Is this what it's like when Western photographers take sad portraits in developing countries?


If you grew up watching television in the United States, you can probably recall a commercial or two calling for donations to help impoverished people in far-off lands, featuring slowly panning shots of remote landscapes, barefoot children and of course, striking, sad eyes

The sorts of images used in some of those ads for charities — like some of Band Aid's efforts — have been condemned for using patronizing and reductive means in order to achieve their goals. As a way to draw attention to some of the harmful stereotypes used in campaigning for Africa, a group called the Norwegian Students' and Academics' International Assistance Fund uses the "Rusty Radiator awards" to raise awareness of how damaging that can be. 

And that's not exclusive to African countries — it's a theme that unfortunately pops up when we talk about suffering in many other parts of the world.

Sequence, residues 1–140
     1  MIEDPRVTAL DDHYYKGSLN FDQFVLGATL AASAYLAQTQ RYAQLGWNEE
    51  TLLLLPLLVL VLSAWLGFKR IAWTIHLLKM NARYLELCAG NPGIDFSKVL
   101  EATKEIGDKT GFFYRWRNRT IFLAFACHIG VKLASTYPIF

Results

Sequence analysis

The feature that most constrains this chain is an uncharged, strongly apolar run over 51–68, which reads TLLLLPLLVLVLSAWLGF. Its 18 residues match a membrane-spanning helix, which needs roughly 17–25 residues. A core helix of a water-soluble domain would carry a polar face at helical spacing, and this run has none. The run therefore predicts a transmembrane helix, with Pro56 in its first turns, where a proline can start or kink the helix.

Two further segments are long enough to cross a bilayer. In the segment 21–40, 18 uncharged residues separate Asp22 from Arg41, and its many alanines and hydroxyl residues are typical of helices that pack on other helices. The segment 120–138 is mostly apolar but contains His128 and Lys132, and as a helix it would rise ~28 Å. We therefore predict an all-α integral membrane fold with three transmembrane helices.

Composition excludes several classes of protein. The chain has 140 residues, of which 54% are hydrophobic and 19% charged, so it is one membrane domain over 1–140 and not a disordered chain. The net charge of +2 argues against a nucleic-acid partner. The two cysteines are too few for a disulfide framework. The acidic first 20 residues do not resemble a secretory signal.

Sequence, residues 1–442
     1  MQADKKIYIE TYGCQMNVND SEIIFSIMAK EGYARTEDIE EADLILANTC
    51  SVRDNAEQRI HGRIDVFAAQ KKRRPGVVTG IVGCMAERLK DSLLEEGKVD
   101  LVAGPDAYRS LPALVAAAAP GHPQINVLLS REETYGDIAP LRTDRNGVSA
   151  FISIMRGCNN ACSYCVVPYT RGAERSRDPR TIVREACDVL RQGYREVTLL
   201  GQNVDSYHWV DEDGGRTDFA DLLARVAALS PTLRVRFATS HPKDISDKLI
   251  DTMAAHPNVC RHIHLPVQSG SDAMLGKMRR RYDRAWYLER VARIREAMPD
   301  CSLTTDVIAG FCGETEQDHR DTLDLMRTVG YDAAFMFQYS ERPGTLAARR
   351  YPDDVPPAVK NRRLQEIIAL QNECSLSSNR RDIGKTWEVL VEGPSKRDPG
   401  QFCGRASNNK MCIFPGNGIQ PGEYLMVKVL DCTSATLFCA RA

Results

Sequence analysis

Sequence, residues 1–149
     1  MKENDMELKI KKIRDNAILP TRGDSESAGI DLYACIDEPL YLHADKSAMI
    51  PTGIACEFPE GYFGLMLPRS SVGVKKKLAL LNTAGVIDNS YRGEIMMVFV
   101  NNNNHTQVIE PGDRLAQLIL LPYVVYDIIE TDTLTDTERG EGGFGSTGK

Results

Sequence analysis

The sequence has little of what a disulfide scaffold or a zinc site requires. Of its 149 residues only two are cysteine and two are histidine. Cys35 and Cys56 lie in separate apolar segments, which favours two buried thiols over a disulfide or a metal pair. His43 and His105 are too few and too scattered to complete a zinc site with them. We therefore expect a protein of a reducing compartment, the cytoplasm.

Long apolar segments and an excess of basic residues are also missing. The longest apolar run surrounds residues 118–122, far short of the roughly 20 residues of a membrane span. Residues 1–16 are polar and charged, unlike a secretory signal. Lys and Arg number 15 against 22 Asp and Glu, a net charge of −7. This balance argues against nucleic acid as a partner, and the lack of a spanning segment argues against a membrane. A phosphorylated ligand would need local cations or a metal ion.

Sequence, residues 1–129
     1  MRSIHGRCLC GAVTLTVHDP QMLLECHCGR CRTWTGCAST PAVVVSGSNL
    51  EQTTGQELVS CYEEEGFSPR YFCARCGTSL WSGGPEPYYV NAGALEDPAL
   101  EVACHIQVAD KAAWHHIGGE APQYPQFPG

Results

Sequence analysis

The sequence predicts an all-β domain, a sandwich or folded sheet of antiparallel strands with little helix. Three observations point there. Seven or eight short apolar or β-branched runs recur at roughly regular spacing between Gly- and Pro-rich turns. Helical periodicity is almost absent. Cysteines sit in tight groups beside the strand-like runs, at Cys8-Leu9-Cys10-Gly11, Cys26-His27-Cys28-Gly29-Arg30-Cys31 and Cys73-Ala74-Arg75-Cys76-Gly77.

Pakistani comedian Danish Ali made a video to hit back at how suffering in Pakistan — and other developing countries — is portrayed in the Western media. In the short clip, a Western photographer speaks to Pakistanis who have lives that are going great — but really seems to be fixated on finding suffering in their lives. He manages, still, to make their lives seem bleak:

Ali told GlobalPost that he has "lost count" of the number of times when he was confronted with narrow stereotypes of his native country, and he places the blame on how the Western media portrays Pakistan. 

"When I'm abroad it doesn't matter if I'm playing volleyball, or rock climbing, going for a meeting, or a social gathering," he said. "All that the majority of people know about me abroad is that 'oh developing country Muslim he probably hates Western culture, he probably has four wives that he beats every day, I bet he knows about militants and hashish, he must be weird." 

Ali added that he is proud of his country, and hopes that people abroad will see more of what makes him proud to be Pakistani: 

"I suppose this comes from a place of pride in my heart for being a Pakistani and a desire to be recognized as a country of generosity courage and hope," he said.

(H/T Dalia Ezzat)